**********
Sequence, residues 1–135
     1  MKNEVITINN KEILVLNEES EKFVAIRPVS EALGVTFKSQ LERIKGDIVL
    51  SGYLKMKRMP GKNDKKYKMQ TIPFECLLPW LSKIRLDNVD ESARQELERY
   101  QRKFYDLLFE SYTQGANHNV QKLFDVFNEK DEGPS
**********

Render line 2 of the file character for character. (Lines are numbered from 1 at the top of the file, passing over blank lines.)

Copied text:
     1  MKNEVITINN KEILVLNEES EKFVAIRPVS EALGVTFKSQ LERIKGDIVL